Every one of us has something we wish we could let go of, but we can’t.
An old regret from the past, maybe? Or something you’d never use again but can’t bear to throw out. Or a worry about the future that doesn’t go away.
Whether it’s a thing or a memory, from the past or the future, the feeling of grasping tightly onto something is the same — constricting, hardening, burdening, like clenching a lump of hot coal as it burns, but not willing to release it from our hands.
We know we should let go, that letting go of this thing would free us, but we don’t, and it feels like we can’t.
Why is that? Why is it so hard to let go?
Why We Resist Letting Go
We resist letting go because we don’t like change.
We don’t like negative changes, like when we have to lose something we own, a job, or a loved one. Even positive changes that we like don’t last long before they change again.
And we even hold on to hard feelings, because we don’t want to change the stories we tell ourselves about why and what happened around those feelings.
Life is changing unceasingly, and it makes us want to hold on to something for security and comfort.
But the truth is that we are standing on running water, always. We are born, we live, and we die, and in between, we never know what each new day will bring.
That’s why remembering that everything is impermanent is the first step to letting go. Whatever you’re holding on to will fade in time, even though it doesn’t look that way now. And you too will be gone one day. So why hold on to something that cannot really be held onto?
4 Ways to Let Go
So how can we let go?
At the most basic level, we have to accept that we’re holding on.
It doesn’t mean that we agree with what we’re holding on to, or that we allow ourselves to clench onto it even tighter. It simply means that we see how we’re holding on, and accept that it’s happening.
If you’re holding onto a lump of hot coal, you need to first see that you’re holding onto a lump of hot coal to let go of it. Telling yourself that you’re not actually holding onto coal, or visualizing it as a block of cold ice, won’t help the fact that it’s burning your hand.
The second step is to feel what holding on feels like. We often hold onto something unconsciously, without looking at what’s running through our minds and bodies as we do so.
What are you saying to yourself? What memories come up? Where do you feel it most in your body? What does it feel like in your body?
When you hold on, this helps you know that you’re holding on. Sometimes, just realizing that you’re holding on helps you to let go. Other times, letting go needs more work.
The third step is to be kind to yourself. Holding on can bring up all sorts of difficult emotions. Being hard on yourself during these moments won’t help you to let go of them, it’ll only make things worse.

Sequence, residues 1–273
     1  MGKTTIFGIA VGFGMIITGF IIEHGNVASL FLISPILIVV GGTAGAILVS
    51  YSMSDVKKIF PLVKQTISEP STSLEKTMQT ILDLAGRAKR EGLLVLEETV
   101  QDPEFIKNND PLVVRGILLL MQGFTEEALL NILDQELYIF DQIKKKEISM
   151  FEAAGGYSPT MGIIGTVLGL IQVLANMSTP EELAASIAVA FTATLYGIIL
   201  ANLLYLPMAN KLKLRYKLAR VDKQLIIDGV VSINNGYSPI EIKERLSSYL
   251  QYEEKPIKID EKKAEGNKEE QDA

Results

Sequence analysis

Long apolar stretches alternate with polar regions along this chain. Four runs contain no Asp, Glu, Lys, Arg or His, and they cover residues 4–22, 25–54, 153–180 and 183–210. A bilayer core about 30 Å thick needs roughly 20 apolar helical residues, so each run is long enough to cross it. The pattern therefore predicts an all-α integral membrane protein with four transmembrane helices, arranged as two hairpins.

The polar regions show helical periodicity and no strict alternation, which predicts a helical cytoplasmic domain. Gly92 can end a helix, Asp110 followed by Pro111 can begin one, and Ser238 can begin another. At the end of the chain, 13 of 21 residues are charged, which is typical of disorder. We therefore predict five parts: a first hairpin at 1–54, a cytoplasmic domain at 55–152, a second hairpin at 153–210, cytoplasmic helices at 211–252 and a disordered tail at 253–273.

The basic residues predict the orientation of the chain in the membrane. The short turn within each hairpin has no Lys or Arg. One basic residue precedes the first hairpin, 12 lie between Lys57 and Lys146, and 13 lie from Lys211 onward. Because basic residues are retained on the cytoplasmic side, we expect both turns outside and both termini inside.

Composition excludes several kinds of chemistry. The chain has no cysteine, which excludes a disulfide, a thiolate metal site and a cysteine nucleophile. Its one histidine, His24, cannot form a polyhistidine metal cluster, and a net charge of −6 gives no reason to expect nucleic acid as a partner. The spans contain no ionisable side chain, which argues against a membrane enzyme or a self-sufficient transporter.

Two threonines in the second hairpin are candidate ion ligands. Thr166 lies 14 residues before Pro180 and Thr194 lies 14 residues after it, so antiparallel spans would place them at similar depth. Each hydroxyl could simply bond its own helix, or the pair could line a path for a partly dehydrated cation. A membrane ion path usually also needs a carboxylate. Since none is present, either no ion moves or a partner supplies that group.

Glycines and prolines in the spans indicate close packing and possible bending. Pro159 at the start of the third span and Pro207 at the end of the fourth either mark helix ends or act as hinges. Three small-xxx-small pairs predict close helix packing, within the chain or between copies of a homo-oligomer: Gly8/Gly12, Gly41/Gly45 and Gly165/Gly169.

Instead, radiate feelings of love and kindness to yourself. Like how you can’t heal a burn by applying more heat but only with cooling medicine, kindness helps you to release these difficult feelings and let go.
If you find it difficult to be kind to yourself in these times, then think of all the other people in the world who, like you, are finding also it hard to let go of the same thing, and apply your kindness to them.
If you still find it hard to let go, then remember that you are more than the things you’re clinging to. You are more than the sum of everything you’ve ever owned and will own, have experienced and will experience. Let this open expanse help you to let go and move on.
But there is still one more ingredient for letting go.
Letting Go in the Storm
Near the end of 2015, I was holding on to a lot of anger, fear, and despair over mistakes I’d made in my life. I decided it was time I faced them head on at my third meditation retreat.
When I sat with my inner world during the extended periods of meditation, I was surprised at just how much fury and regret were boiling inside of me — not just at the people I hated, but at myself.
With hours of meditation stretched out before me, and no talking, reading, or writing allowed, all I could do was face the turbulence inside. Some sessions felt like I was in a small boat being churned around in a raging sea storm.
But as the hours and days went on, there were moments when I wasn’t consumed by my inner turmoil. The anger was still there but I wasn’t angry, I was simply aware of it. Like my friend, Phra Paiboon told me, “It is not me, it is not mine.”
And slowly I began to let go of my anger, my fear, my regret, my despair. They were still there, but I didn’t hold on to them as much anymore, and the less I became them, the more quickly they faded away.
I came to see that even these strong emotions, which seem so pervasive, are impermanent. It might take a while, but they too will cease in time — even faster if you find the strength and pliability to let them go.
And so I discovered that letting go becomes easier with practice. Some things you can let go of quickly. Other things take time and effort. You have to be willing to do the work and give yourself the time to let go.
Meditation is one way to strengthen your ability to let go. Think of meditation as the ultimate exercise in letting go; whatever thoughts and feelings arise during your meditation, you simply let them go and focus on the breath.
The Lightness of Letting Go
Letting go can be hard, but it isn’t impossible. With practice, it can be done.
Accept that you’re holding on, watch how you’re holding on, be kind to yourself, and remember that you are more than whatever it is that you’re holding on to. Practice letting go as a skill, instead of thinking of it as a decision, and remember that everything fades in time — even the things you’re holding onto.
I hope you find the space to let go of whatever you’re clinging to, and the freedom to move through life more lightly.